Strawberries and Beans

These notes are from May 12, when I constructed my first large self-watering container. I converted a large storage tote. I bought four of them when they were on sale for this purpose. Well, one of them I’m using as a soil mixing place as I don’t have a wheelbarrow, and they’re really quite expensive. Plus, I’ve never seen the need for one, having only a patio. I can move stuff around in the wagon most of the time.

I would recommend for anyone constructing their own containers that they wear gloves. It took quite a deal of finessing and time to make my first one to make sure I didn’t cut the lid too small
thereby making it useless. So, I ended up with quite a blister, due to the tin snips. I took a break and planted the rosemary. I put it in its own container, rather than in the large strawberry planter that I was planning for herbs, because I need to bring it in at winter time. The last time I had rosemary outside in a pot I killed it by leaving it out.

I used the same mix for the large tote, which will be home to strawberries and bush beans, as for the watercress except I added about 1/2 C of bone meal to it. I planted 6 beans, a tricolour mix, with the plan to plant another row after these sprout. The beans started popping through the soil after after 11 days. It was a very exciting moment for me. I love how thrilled I am every time I see something sprout. I think it’s good for the self esteem to know that you’ve helped something to have life.

I bought the strawberries from a local garden centre, and although I love this place for many things I would not buy those little cardboard packages of berries again. There were only 9 in there instead of 10, and two of them were dead. I lost another one after planting. Fortunately by that time, I had purchased lovely large strawberries from a local grower at my farmers’ market. So, I will definitely start there the next time I need to buy some. The strawberries and beans are both thriving now, and I need to plant my second row of beans.

strawberries and beans thriving in a self watering container


The Beginning

Hi there and join me on my journey to lower my grocery bill by growing as much of my own food as possible. I live in a townhouse with a back patio, for which I will be growing in containers, and I recently acquired a plot at a local community garden, which I’m very excited about. I started keeping a journal about a month ago, when it occurred to me I should be sharing this information, and meeting new people with the same interests. So, I’m going to give a brief synopsis of what I’ve accomplished so far, along with what I’m currently doing, over the next few days we should be caught up.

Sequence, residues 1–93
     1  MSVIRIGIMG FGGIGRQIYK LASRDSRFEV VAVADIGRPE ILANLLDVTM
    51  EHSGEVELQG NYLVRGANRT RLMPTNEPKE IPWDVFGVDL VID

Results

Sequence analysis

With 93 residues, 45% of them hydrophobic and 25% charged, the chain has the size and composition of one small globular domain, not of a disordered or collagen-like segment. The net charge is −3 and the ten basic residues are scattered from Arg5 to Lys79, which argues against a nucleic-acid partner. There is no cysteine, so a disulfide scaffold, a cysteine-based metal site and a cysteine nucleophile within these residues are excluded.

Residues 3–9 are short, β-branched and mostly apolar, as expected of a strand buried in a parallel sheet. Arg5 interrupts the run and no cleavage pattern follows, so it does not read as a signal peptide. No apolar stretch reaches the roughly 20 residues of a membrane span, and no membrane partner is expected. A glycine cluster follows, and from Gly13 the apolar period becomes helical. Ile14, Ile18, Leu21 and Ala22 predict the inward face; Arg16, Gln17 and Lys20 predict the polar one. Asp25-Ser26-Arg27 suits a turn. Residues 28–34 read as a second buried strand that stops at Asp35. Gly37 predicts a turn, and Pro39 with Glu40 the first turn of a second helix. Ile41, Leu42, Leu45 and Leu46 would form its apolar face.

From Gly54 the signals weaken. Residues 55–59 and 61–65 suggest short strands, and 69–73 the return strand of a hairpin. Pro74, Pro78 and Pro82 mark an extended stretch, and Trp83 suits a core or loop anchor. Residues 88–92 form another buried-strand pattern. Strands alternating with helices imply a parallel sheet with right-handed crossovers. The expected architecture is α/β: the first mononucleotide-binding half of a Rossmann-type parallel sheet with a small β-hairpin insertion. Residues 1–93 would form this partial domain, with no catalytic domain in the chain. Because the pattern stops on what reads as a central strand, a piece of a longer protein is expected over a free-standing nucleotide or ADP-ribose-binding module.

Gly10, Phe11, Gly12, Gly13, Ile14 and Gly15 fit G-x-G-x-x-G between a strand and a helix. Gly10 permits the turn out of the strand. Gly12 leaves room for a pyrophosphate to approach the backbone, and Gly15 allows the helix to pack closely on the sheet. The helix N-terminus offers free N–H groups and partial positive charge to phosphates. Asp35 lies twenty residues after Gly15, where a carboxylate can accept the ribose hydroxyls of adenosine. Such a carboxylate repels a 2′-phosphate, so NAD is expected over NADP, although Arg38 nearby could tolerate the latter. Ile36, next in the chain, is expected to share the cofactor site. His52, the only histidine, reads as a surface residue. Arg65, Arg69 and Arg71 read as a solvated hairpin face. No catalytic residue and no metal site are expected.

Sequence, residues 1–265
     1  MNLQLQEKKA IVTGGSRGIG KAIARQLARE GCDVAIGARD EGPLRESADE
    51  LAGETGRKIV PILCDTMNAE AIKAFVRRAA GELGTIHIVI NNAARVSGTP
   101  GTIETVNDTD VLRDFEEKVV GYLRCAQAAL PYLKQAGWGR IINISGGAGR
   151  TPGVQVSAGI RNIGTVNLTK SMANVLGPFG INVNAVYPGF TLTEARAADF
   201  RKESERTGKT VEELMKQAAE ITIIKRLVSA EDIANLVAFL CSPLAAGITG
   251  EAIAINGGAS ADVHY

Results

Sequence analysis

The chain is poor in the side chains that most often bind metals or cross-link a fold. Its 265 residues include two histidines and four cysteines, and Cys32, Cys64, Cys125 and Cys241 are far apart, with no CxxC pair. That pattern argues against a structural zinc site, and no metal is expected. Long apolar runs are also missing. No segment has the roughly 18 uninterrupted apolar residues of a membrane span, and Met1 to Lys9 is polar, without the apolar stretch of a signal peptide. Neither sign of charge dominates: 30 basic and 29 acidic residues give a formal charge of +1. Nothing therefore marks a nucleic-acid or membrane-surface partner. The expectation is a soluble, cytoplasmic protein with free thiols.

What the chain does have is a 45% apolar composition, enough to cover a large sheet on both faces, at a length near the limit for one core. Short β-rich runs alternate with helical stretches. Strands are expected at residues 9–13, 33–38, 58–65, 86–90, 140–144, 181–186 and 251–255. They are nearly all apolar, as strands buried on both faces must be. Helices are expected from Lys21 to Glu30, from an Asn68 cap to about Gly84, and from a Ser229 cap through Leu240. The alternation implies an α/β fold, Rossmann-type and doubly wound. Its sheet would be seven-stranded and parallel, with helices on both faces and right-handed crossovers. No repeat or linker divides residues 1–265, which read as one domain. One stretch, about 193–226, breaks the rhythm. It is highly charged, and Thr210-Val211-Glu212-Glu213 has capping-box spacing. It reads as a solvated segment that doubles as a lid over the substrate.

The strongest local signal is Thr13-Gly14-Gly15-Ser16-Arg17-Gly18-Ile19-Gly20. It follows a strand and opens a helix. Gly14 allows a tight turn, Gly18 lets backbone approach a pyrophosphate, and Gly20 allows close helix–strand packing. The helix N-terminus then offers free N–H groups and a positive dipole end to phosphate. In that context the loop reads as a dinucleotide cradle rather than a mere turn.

I began on April 29 with my first self watering container. You can go here to find more information on those, including how to make your own.http://www.urbanorganicgardener.com/self-watering-containers/ I filled it with a mix of equal parts coir, (coconut peat), which is a sustainable alternative to regular sphagnum peat, and mushroom compost. (one brick of coir, and half a bag of compost.) To this I added vermiculite and perlite, approximately  3 cups of each, and about 21 T of greensand. I also added some aged rabbit manure. My grandmother, who keeps everything, has been saving this rabbit manure for probably ten years, in a large garbage can. She was very proud that I came around with a use for it; however, the lid blew off some time ago, and the bucket filled with rain water. So, my grandmother no longer has a large bucket of dry pellets, but a large very wet single pellet of rabbit manure. Fortunately, there were some dry pellets left in the hutch. My grandmother is planning to dry out the remainder, but I’m past wanting it, to be honest.

Watercress

watercress with green onions, and a seashell mulch

I planted water cress in this container with green onions around the side to deter pests. The watercress took 5 days to germinate, and the green onions took 17 days. I used a seashell mulch to deter the rampant slugs around here, and it also reflects the light up to the leaves helping them grow. This is great if you have a lot of shade, which I do.

I’ll just leave you now with a few things I have learned at this point:

  • self watering containers do not keep the surface moist, you need to mist the top to allow seeds to germinate
  • potting mix needs to breathe; don’t keep it in a container with the lid on. It will go mouldy.